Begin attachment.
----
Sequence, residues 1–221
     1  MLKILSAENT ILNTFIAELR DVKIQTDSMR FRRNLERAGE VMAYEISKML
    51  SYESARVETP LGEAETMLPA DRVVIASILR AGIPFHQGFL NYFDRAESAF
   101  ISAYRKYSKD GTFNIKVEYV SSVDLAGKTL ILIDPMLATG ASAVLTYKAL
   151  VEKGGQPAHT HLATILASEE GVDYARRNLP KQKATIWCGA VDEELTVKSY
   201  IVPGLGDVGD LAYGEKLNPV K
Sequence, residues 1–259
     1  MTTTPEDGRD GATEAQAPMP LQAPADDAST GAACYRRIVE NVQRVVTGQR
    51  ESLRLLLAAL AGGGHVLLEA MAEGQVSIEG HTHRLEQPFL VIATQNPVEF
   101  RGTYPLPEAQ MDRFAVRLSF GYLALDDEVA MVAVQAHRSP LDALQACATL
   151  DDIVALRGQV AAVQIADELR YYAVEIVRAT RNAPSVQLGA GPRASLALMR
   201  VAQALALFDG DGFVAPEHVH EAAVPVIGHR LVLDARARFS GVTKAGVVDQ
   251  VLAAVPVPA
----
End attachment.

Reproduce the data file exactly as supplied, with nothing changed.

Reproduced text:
Sequence, residues 1–221
     1  MLKILSAENT ILNTFIAELR DVKIQTDSMR FRRNLERAGE VMAYEISKML
    51  SYESARVETP LGEAETMLPA DRVVIASILR AGIPFHQGFL NYFDRAESAF
   101  ISAYRKYSKD GTFNIKVEYV SSVDLAGKTL ILIDPMLATG ASAVLTYKAL
   151  VEKGGQPAHT HLATILASEE GVDYARRNLP KQKATIWCGA VDEELTVKSY
   201  IVPGLGDVGD LAYGEKLNPV K
Sequence, residues 1–259
     1  MTTTPEDGRD GATEAQAPMP LQAPADDAST GAACYRRIVE NVQRVVTGQR
    51  ESLRLLLAAL AGGGHVLLEA MAEGQVSIEG HTHRLEQPFL VIATQNPVEF
   101  RGTYPLPEAQ MDRFAVRLSF GYLALDDEVA MVAVQAHRSP LDALQACATL
   151  DDIVALRGQV AAVQIADELR YYAVEIVRAT RNAPSVQLGA GPRASLALMR
   201  VAQALALFDG DGFVAPEHVH EAAVPVIGHR LVLDARARFS GVTKAGVVDQ
   251  VLAAVPVPA